Stacey Halls’ The Foundling transports readers to Georgian London as it centres on two women from different backgrounds who are bound by the same child. Six years after leaving her illegitimate daughter at the foundling hospital, Bess Bright returns with money to collect her child only to find that someone else has beaten her to it, using Bess’ name to fraudulently claim the little girl as their own. Confused, distraught and fearful of being labelled as mad, Bess is determined to find out who took her child and how they even knew of her secret existence in the first place.
Less than a mile from Bess’ lodgings, in a dark, shuttered townhouse is Alexandra Callard, a reclusive widow struggling to connect with her own daughter. Having barely left the house in a decade, Alexandra lives an anxious and regimented life, a stifling existence for her young child Charlotte, who doesn’t know what it’s like to play in the street or mix with other children or wander through a park. When a mutual acquaintance encourages her to hire Bess as a nursemaid for Charlotte, a reluctant Alexandra invites a stranger into her home for the first time in years. It’s a decision that she will come to regret as her carefully constructed world soon begins to fall apart.
You might be able to guess where this story is going but that doesn’t take any of the surprise, emotion or beauty away from Halls’ exceptional tale. Inspired by a visit to the Foundling Museum in Bloomsbury, Halls offers up a fascinating glimpse into life for women in the 1700’s from both sides of the class divide. Bess is poverty-stricken and uneducated but she’s not afraid of hard work or the harsh streets, and her heart is open to family, friends and love. In stark contrast, Alexandra lives a life of indulgent luxury and greedy excess. She has wealth, food and a warm home with servants but her heart is a hollow shell, closed off to everyone, including her child.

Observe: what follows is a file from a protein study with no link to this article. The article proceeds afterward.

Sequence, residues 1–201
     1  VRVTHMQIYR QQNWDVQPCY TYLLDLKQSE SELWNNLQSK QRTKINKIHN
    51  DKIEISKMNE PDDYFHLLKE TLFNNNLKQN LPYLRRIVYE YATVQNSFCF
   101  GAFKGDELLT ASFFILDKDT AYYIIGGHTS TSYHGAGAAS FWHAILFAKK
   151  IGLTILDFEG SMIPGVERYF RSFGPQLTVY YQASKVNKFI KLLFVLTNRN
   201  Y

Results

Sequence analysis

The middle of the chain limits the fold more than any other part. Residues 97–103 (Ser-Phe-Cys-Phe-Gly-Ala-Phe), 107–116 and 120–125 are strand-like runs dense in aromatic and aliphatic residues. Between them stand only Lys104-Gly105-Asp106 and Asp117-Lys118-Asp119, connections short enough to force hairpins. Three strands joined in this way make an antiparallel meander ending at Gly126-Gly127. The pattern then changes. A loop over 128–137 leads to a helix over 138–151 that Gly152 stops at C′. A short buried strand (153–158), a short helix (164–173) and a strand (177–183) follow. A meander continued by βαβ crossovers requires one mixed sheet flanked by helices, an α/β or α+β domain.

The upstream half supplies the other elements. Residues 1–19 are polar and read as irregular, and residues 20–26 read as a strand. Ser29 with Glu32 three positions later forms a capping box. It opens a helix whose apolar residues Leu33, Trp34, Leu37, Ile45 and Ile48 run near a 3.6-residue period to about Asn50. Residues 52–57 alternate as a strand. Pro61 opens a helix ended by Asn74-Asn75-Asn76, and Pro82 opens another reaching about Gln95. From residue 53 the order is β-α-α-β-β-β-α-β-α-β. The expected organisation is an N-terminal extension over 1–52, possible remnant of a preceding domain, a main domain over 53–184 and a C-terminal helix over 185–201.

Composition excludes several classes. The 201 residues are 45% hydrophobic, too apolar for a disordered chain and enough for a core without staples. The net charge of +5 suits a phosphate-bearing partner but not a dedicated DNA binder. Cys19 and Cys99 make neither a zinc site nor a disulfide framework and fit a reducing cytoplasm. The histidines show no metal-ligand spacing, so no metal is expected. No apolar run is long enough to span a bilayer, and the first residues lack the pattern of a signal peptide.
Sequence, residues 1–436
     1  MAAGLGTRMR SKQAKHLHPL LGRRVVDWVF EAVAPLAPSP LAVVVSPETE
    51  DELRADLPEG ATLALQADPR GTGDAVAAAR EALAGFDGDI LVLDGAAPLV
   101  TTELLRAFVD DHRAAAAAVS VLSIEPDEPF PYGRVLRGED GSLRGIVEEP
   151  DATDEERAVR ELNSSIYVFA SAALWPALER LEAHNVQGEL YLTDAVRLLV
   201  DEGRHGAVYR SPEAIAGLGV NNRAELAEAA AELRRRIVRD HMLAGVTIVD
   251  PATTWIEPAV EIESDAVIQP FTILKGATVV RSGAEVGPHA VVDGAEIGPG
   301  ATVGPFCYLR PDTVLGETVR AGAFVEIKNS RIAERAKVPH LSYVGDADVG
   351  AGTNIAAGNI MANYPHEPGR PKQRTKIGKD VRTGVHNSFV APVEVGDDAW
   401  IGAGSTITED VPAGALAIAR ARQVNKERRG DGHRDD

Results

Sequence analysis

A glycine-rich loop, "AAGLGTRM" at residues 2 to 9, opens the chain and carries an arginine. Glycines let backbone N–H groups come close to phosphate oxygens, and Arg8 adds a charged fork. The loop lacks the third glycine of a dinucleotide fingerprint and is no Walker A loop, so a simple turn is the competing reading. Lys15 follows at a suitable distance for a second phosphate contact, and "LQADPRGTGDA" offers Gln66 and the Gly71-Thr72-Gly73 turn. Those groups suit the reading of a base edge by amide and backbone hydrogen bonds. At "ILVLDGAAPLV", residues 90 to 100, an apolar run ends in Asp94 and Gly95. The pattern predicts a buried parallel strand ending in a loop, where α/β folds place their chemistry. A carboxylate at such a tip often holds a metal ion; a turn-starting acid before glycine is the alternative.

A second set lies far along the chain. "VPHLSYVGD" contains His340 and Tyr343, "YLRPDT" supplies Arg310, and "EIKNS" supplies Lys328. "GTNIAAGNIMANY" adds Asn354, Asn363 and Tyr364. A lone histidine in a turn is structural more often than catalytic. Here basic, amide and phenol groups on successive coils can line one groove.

Alexandra is a painfully withdrawn Miss Havisham-esque character and Halls creates such a gloomy sense of despair in her stagnant, oppressive house. It feels as suffocating and regimented for the reader as it does for Charlotte, a bright and energetic little girl who craves normality. Bess’ arrival is like a tonic made of pure light but she has ulterior motives that threaten to dredge the past into the present. It’s when the lies and secrets start tumbling out that these two women are forced to see events through each other’s eyes – something that’s imperative in both a male and class orientated era.
The Foundling is a perfect piece of historical fiction. It’s beautifully written, with characters you can relate to and empathise with even when you don’t particularly like them – as is the case with Alexandra. London in the 18th century also provides a vibrant, evocative backdrop to this interfamilial drama and it works so wonderfully because there’s such an absence of modern day amenities, giving a real sense of a slower, simpler time – though one that’s so much tougher in many ways too.
Stacey Halls was one of last year’s breakout literary stars with her debut The Familiars. This second book – a completely absorbing and atmospheric tale of motherhood, class and inequality – is set to secure Halls’ place as one of the UK’s most exciting historical fiction writers. I guarantee that I’ll be first in line when she publishes her next novel.
The Foundling was published by Manilla Press on 6 February 2020